According to the latest study by Willis Tower Watson, India Inc. has anticipated changes in the labour code. In light of these regulatory changes, labour reforms and increasing cost of providing retirement benefits, 53% of organisations in India are planning to review their retirement or long-term benefits design in the next two years. Some of the key pointers of the report are below -
Top factors to upgrade benefits strategy
According to the study, employee experience (49%) is the top influencer of long-term employee benefits strategy, followed by regulatory complexity (45%). Digitalisation of benefits is also ranked amongst the top influencing factors at (26%).
Employees and employers alike believe that 64% expect a significant impact on their P&L; yet 34% are unsure of making changes to their compensation structure. Quite a few employers (46%) are planning to continue Provident Fund contributions on basic salary.
Impact on Employees’ Provident Fund
According to the study, seven out of ten employee’s provident funds are being managed by a regulator. The study believes that the EPFO services have significantly improved with increased administration efficiency and digitalisation. Yet in the new world of work, (73%) respondents feel that market volatility and the current bond downgrades have been a cause of increasing concern for their self-managed provident fund. Half the surveyed companies report that regulatory compliance has become a significant burden and a similar number said that managing their own provident fund trust is not a sustainable option in the long-term.
Impact on superannuation and national pension system (NPS)
The study found that 73% of the employers currently provide or plan to implement Corporate NPS and amongst those that already provide it, 61% are exploring strategies to increase the participation rate.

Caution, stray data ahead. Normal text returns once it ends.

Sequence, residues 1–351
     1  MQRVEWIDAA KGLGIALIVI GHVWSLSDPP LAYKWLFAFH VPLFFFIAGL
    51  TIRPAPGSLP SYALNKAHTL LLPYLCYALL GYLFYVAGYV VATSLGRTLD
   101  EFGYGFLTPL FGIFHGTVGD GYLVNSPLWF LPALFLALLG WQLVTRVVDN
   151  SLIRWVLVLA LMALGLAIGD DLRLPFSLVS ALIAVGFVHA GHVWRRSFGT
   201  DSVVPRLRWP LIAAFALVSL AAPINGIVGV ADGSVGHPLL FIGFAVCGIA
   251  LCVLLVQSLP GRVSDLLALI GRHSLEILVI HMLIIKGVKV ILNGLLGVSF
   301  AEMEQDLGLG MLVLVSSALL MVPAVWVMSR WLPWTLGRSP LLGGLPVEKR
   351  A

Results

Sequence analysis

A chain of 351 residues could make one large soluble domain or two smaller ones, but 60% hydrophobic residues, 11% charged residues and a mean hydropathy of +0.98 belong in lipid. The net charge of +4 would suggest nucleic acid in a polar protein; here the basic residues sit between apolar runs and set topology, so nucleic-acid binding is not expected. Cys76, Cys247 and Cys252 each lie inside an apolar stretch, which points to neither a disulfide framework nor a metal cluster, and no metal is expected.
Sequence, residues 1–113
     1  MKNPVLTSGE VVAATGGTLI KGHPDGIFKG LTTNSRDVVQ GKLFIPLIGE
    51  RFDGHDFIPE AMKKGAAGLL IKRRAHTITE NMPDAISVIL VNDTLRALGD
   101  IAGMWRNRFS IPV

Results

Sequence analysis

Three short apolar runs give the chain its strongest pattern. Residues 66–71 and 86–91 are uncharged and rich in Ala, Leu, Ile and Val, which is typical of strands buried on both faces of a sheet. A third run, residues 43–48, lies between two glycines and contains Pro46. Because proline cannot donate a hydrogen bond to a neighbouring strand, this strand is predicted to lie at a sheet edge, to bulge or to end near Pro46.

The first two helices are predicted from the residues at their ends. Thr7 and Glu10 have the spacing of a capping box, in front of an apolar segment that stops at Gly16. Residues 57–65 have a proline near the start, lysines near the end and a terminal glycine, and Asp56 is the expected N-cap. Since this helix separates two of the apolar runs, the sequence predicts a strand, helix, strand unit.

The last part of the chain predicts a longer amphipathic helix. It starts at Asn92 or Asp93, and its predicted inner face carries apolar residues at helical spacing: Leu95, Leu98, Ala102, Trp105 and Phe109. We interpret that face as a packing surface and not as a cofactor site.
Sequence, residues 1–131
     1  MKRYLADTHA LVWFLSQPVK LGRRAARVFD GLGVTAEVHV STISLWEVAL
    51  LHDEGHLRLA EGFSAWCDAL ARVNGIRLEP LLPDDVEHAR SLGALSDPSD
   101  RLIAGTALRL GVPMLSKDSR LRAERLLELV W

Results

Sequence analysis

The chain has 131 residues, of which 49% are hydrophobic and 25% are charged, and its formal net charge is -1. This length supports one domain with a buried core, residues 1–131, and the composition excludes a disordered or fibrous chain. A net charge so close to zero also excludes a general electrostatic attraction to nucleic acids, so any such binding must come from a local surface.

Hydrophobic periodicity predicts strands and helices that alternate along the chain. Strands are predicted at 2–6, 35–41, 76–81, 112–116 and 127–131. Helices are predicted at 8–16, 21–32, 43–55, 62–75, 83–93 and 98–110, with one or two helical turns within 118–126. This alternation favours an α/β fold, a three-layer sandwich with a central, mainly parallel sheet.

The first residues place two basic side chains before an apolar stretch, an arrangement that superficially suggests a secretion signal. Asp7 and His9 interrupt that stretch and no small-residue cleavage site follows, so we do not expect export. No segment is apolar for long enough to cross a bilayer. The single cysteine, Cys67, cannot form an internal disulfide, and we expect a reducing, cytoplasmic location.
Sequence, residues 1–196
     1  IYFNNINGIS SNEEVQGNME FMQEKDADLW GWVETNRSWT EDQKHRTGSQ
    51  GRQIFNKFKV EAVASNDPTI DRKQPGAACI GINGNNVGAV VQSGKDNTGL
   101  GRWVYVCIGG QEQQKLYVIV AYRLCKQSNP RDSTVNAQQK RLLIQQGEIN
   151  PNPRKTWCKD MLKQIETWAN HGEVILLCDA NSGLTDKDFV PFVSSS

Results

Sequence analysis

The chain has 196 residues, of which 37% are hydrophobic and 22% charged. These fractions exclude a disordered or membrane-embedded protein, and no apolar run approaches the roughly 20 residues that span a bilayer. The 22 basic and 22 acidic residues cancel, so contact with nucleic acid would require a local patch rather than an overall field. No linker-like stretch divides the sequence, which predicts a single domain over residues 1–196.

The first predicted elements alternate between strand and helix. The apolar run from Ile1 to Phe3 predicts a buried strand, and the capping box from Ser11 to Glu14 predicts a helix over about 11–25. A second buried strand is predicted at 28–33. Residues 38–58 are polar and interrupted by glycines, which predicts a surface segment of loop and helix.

Also, 13% have ported from the Superannuation scheme to NPS, 25% are in the process or are considering to port and 36% offer or plan to offer both. On the other hand, 44% of organisations plan to continue to offer legacy superannuation plans and almost half have retained or are planning to retain the scheme for new entrants.
44% are currently providing superannuation schemes to their employees and 71% are not considering winding up or porting to NPS.
Commenting on the study findings, Ritobrata Sarkar, Head of Retirement, WTW India, said, “Organisations are gradually coming out of the pandemic survival mode and focusing on issues such as the long-term implications of retirement adequacy and employee benefits. Our study shows that the retirement benefit landscape in India is evolving, with organisations retaining superannuation as an option in addition to promoting NPS.”
She also added that while both these avenues co-exist, it will be critical for organisations to consider the regulatory environment, flexibility for employees, cost-benefit analysis and most importantly, employee experience as they review their long-term employee benefits strategy and mix. Hence, NPS continues to be a focus area with a large majority exploring strategies to increase employee participation rates.